PWC is committed to supplying safe water that meets or surpasses state and federal standards and achieves the highest standards of customer satisfaction. Drawing water from two independent water sources, the Cape Fear River and Glenville Lake, PWC’s two water treatment facilities, P.O. Hoffer and Glenville Lake, have a combined treatment capacity of 58 million gallons a day (MGD), with an average demand of 24.908 MGD in FY2016. PWC’s all-time peak demand of 42.25 MGD has held since 1999. The peak consumption for FY2016 was 35.132 MGD on June 29, 2016.
PWC provides water services to over 225,000 customers both inside and outside city residential, commercial and industrial customer classes, as well as City and PWC facilities. This includes the 1998 merger with the Town of Hope Mills. The PWC also provides wholesale water service on a contract basis to Spring Lake, Stedman and Hoke County. In 2010, the PWC, along with Harnett County Public Utilities Department, began supplying Fort Bragg through a 40-year contract with the Department of Defense.
During FY2016, 10.097 billion gallons of drinking water were treated. After treatment, water is delivered to customers through an extensive distribution system consisting of over 1,360 miles of underground piping. Current projections indicate the population served by PWC will exceed 300,000 by year 2030 with a total system demand approaching 48 MGD.
PWC has utilized chloramination as its disinfection method since 2003 and since 2008, implemented year round outdoor watering schedules to support water conservation efforts and better manage its system peak.
PWC earned the distinction as the first utility in North Carolina to be recognized with the Partnership for Safe Drinking Water’s Director’s Award for outstanding commitment to quality drinking water treatment. Every year since receiving the award in 2000, PWC has continued to maintain the award’s high standards. In 2016, PWC was recognized for meeting the standards for 15 consecutive years. In FY2016, both PWC water treatment facilities met all 1,304 drinking water compliance points. PWC is a charter member of the Partnership for Safe Water Distribution System Optimization program. The Partnership for Safe Water Distribution System Optimization program focuses on the operation and maintenance of our distribution system.
Fayetteville Drinking Water History
The first water service in Fayetteville was installed before the Civil War and the source of water was Fountainhead Spring. Water traveled by gravity through hollow logs to the heart of the city. Some of the logs that have been excavated in recent years are still in good condition, although unused for many years.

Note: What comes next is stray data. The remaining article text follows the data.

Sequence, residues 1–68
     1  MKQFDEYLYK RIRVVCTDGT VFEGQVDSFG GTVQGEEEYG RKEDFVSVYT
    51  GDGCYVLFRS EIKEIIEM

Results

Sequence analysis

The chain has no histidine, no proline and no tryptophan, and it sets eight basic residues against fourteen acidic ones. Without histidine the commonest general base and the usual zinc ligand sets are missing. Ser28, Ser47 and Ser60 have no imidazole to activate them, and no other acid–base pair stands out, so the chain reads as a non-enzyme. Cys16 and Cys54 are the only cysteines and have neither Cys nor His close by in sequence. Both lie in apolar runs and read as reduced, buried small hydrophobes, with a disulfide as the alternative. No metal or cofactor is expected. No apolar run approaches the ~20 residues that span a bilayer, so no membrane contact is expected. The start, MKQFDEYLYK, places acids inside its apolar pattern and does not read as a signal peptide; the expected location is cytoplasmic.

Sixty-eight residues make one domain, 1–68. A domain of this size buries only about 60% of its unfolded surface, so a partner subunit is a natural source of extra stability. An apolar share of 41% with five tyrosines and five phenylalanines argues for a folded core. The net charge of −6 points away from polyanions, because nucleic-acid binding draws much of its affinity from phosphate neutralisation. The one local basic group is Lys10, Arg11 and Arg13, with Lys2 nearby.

The first organized effort to supply water to Fayetteville was by the Robinson Family, probably in the 1890’s, when Glenville Lake was formed. At that time it was known as Robinson’s Pond. This system was taken over by a Mr. Richardson, from New York, who later sold it to the McNeill’s. In 1903, the McNeill’s sold the system to the City of Fayetteville.
The first water filtration plant was installed by PWC on Glenville Lake in 1912. The contractor agreed to complete the plant for the sum of $18,000. The first building stands on the opposite side of the lake from the present Glenville Lake Plant. The original capacity of this plant was 1,000,000 gallons of treated water per day (MGD).
The present plant on Glenville Lake was built in 1942 with a capacity of 3 MGD. Fayetteville’s population at that time was 18,000 people. The plant was expanded in 1949 to 5 MGD; in 1954 to 8 MGD; in 1961 to 12 MGD; and in 1994 to its ultimate capacity of 18 MGD.
Contracts were awarded in July 1967 for construction of a second water purification plant, located on the Cape Fear River. This new plant was designed so that it can be expanded in increments to an ultimate treatment capacity of 96 MGD. Named in honor of P.O. Hoffer, a former chairman of PWC, the Hoffer Plant initially treated 8 MGD. In 1975, an 8 MGD expansion brought the treatment capacity to 16 MGD, a 16 MGD expansion was completed in May 1988 that gave the P.O. Hoffer Plant a treatment capacity of 32 MGD. In 2005, PWC received approval from the State of North Carolina to increase Hoffer’s maximum capacity to 39.5 MGD. PWC began the first phase of a 3-phase expansion of the P.O. Hoffer facility in 2014. The three-phase project will address aging infrastructure needs by replacing some existing equipment and then expand the plant by 16 MGD (48.0 MGD maximum capacity).
Through the foresight of Fayetteville’s forefathers, the citizens of Fayetteville have, in their PWC, a significant community asset with a proud history. PWC has kept abreast, through the years, with demands for a water utility to serve the rapidly growing city and the surrounding urbanized areas.